Different people apply different ways of trying to “fight” uncertainty, but they all have the aspect of “struggle” in common.
They don’t accept the simple truth: investing in the financial markets inevitably exposes you to uncertainty.
I can’t grab one side of a stick without the other side in my hand as well; therefore I cannot invest without having some degree of uncertainty as to the outcome of the investment.
This is not a problem that only concerns non-professional investors. Professionals experience this lack of acceptance in an even more drastic way. They have developed a whole series of absurd techniques to try to transform uncertainty (which in essence is not quantifiable) into risk (that is to say statistically quantifiable).
Every time we try to do something impossible, we are basically wasting resources. Unfortunately, “resource waste” is the simplest and most accurate definition of current finance I can think of. It is not so much due to finance itself, understood as a set of tools. Conceptually, finance could be a tremendously powerful tool to optimize the economic resources of a company, and it is also that in part. As Bertrand Badré, former managing director of the World Bank, pointed out in his book “And if finance saved the world? Finance is a tool that can be incredibly misused, as almost always happens, but we can also decide to use it to our advantage. Everything depends on us.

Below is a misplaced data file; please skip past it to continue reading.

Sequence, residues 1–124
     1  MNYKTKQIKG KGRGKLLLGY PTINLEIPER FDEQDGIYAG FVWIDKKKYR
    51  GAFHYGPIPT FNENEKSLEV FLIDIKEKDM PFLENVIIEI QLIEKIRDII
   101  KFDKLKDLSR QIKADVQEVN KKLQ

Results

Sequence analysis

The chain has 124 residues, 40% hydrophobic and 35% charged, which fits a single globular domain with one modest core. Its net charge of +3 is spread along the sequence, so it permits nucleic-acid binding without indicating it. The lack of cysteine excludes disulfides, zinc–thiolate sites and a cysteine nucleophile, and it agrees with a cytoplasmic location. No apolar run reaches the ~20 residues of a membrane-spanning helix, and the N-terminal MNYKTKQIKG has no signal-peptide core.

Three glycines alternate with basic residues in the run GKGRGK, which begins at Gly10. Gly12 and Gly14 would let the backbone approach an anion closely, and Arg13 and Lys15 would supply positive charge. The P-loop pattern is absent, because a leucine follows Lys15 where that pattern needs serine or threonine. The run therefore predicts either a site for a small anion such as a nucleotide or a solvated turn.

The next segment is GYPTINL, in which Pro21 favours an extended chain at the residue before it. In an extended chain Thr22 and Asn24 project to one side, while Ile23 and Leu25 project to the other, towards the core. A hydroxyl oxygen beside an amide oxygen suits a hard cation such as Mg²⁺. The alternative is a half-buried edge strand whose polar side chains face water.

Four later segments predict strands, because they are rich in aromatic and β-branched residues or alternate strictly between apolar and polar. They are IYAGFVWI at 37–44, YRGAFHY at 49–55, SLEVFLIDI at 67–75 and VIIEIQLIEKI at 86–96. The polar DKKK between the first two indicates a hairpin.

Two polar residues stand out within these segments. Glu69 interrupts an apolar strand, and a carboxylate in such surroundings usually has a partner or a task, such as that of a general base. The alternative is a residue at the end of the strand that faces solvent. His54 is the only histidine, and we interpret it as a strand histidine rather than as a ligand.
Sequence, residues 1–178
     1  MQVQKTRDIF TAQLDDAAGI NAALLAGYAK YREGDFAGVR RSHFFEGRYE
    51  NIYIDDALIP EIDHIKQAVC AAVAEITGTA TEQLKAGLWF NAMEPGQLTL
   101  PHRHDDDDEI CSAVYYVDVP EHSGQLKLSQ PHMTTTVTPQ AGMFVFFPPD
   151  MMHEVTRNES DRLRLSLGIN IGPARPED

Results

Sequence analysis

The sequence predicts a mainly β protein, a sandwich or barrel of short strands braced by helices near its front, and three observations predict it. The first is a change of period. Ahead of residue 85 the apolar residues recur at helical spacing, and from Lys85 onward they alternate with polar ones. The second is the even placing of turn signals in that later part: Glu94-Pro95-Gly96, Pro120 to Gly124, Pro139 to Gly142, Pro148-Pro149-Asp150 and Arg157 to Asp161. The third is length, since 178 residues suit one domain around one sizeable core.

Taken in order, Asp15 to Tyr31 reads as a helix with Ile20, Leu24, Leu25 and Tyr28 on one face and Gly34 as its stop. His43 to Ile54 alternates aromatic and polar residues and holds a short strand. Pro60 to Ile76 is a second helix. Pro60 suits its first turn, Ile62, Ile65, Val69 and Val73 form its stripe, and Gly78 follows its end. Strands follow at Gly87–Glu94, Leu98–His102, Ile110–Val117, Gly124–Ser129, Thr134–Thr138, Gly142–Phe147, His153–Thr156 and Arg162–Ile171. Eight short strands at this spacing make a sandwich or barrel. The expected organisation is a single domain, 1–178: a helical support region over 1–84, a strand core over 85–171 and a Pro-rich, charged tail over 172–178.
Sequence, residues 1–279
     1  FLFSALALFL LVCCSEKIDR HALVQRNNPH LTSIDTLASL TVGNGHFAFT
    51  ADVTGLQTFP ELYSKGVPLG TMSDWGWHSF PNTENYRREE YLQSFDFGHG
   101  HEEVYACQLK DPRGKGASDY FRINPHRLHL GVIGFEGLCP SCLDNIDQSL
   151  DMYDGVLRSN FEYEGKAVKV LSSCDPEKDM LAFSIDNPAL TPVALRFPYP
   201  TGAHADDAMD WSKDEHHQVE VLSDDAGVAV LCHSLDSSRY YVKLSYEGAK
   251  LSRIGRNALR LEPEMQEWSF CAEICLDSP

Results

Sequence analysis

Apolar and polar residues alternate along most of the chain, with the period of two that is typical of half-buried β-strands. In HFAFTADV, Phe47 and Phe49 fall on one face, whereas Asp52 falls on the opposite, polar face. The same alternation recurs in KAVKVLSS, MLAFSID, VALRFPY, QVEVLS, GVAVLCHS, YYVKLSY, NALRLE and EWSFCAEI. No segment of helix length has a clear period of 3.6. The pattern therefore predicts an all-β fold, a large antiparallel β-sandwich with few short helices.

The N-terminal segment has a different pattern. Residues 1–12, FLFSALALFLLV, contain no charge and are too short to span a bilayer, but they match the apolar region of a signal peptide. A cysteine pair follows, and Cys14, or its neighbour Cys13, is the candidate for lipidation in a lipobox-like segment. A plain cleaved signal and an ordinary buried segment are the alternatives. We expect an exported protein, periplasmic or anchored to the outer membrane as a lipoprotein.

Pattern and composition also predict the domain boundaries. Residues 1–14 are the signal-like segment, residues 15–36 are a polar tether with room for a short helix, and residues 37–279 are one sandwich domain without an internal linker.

As the old saying goes, money is a bad master but an excellent servant. It is we – and we alone – who give it control over our personal and collective lives, instead of using it as a powerful tool at our service.
What prevents us from welcoming uncertainty?
A participant in the Adult Investors Club (3) wrote to me a few minutes ago: “Although I try to think like an adult investor, I still feel like I have childish attitudes and that, like I told you in the presentation, is holding me back. I refer in particular to the uncertainty of the markets experienced as a danger and not accepted calmly and on the run”.